The Report

October 16, 2019

Review, Theatrical, This Week Leave a Comment

…a gripping, intelligently written and deftly constructed thriller, and of course all the more compelling because it’s true.
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The Report

Mark Demetrius
Year: 2019
Rating: TBC
Director: Scott Z. Burns
Cast:

Adam Driver, Annette Bening, Corey Stoll, Jon Hamm, Maura Tierney, Michael C. Hall

Distributor: Transmission
Released: November 14, 2019
Running Time: 119 minutes
Worth: $17.00

FilmInk rates movies out of $20 — the score indicates the amount we believe a ticket to the movie to be worth

…a gripping, intelligently written and deftly constructed thriller, and of course all the more compelling because it’s true.

This is a slow-burning but cumulatively engrossing drama about the investigation into the CIA’s interrogation of Al-Qaida detainees after 9/11. They employed what were euphemistically termed Enhanced Interrogation Techniques, but which were actually – as the world of course came to know – nothing less than torture.

Adam Driver plays Daniel L. Jones, who works tirelessly on this project of truth-gathering for years, compiling the massive titular report in the process. Driver is excellent in a complex role which requires him to evoke subtly controlled intensity, frustration, moral outrage and alarm, often simultaneously – and Annette Bening’s performance as his boss, Senator Dianne Feinstein is equally impressive.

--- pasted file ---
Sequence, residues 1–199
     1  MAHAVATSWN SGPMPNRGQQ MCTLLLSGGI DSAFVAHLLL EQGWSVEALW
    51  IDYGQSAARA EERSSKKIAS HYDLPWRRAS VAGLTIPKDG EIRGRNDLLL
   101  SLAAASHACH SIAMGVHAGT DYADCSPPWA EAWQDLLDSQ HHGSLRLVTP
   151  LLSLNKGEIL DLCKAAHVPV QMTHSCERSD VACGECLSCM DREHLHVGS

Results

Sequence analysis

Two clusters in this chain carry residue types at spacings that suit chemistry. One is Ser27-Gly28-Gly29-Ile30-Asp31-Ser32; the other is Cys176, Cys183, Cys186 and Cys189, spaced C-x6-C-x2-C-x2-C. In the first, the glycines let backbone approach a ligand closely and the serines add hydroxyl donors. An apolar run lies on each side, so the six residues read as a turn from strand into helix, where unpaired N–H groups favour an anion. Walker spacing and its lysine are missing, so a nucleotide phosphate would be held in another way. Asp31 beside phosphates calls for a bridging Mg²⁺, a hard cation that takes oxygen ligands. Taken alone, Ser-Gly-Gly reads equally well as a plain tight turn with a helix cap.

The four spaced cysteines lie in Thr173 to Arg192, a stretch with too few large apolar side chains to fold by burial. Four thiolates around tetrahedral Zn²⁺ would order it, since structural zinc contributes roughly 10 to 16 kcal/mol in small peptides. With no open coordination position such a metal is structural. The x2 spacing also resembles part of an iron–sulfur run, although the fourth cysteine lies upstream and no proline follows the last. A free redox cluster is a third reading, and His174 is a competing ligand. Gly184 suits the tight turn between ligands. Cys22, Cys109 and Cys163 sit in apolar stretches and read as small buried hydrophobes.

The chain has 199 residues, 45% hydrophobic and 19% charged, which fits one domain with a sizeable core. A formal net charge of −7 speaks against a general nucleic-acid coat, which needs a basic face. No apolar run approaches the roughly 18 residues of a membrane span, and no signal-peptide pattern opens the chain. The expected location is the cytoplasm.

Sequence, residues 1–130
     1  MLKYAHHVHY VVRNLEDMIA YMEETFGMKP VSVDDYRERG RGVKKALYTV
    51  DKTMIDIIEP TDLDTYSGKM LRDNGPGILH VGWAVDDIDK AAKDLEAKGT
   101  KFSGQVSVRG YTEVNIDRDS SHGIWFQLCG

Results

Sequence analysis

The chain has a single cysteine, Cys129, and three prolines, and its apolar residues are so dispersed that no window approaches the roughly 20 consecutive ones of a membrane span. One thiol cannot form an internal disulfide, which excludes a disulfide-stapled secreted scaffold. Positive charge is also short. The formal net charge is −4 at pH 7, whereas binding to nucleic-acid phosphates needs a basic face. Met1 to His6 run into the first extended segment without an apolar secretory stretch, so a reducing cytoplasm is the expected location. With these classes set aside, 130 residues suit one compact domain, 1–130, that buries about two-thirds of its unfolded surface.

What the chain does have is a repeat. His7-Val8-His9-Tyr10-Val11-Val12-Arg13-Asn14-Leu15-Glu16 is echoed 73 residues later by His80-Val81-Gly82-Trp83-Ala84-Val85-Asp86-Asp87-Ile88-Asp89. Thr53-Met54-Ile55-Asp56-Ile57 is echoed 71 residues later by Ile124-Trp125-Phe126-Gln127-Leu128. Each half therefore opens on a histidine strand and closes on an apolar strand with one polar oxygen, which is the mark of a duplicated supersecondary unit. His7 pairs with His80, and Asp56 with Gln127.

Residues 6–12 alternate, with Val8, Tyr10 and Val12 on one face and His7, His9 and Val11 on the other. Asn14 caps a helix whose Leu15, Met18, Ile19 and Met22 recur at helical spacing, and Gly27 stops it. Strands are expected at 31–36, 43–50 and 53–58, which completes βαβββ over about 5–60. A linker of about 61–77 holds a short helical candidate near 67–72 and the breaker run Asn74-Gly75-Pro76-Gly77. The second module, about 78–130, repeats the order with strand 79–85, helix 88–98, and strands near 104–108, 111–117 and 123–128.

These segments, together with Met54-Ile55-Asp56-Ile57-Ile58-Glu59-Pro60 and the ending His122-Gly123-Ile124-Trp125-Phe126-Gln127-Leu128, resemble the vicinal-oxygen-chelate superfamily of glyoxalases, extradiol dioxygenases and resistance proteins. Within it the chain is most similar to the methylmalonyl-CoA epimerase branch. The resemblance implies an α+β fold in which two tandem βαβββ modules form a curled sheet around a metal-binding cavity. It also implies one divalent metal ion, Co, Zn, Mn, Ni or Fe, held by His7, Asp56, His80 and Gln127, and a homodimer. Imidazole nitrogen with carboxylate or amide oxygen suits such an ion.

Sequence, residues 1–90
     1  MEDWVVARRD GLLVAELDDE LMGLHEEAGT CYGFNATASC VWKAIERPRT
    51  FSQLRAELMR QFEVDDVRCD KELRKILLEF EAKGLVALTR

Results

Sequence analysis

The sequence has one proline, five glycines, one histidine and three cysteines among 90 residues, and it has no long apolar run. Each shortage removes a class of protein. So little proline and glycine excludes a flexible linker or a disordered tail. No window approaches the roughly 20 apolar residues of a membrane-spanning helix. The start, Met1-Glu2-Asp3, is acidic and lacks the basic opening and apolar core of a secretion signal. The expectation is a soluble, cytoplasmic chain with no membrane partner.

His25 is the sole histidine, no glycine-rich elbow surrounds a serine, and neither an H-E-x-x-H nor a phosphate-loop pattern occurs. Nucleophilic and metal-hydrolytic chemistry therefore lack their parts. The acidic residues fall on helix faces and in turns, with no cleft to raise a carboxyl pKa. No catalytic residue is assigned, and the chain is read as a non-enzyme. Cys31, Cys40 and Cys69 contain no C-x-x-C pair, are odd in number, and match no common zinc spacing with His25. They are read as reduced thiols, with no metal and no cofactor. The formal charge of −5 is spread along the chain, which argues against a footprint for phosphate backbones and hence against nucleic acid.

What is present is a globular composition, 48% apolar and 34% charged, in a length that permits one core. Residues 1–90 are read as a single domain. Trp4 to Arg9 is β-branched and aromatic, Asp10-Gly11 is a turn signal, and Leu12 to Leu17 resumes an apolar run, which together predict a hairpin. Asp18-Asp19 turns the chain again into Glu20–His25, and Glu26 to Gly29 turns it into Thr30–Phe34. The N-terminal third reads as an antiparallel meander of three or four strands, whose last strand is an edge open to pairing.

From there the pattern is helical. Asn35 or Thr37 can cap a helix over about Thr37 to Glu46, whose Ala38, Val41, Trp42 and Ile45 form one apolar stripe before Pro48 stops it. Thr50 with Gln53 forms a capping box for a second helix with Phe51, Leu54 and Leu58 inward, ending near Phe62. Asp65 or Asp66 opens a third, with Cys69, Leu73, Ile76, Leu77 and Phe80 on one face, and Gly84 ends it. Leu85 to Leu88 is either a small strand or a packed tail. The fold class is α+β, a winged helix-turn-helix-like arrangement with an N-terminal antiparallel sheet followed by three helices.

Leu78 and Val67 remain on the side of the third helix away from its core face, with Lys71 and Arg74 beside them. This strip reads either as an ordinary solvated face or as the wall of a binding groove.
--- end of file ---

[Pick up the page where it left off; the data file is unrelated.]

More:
The action jumps forwards and backwards in time over many years, and no-one who’s investigated – President Obama included – emerges smelling of violets.

During the first half of the film, the depiction of Jones’s painstaking work and interaction with both sources and obstructors is interspersed with truly horrifying footage – dramatised, but no less repulsive for that – of torture techniques including waterboarding. It’s a considerable relief when the depiction of atrocities stops and the focus is only on Washington DC.

That the sadism unleashed in places like Abu Gharib was useless as a method of finding out truth from suspects only adds to the sense of iniquity.

The Report is not easy viewing, for a couple of reasons. The torture sequences are deeply disturbing, as they should be, and the plethora of characters and vast amount of detailed information require a lot of concentration. But it’s a gripping, intelligently written and deftly constructed thriller, and of course all the more compelling because it’s true.

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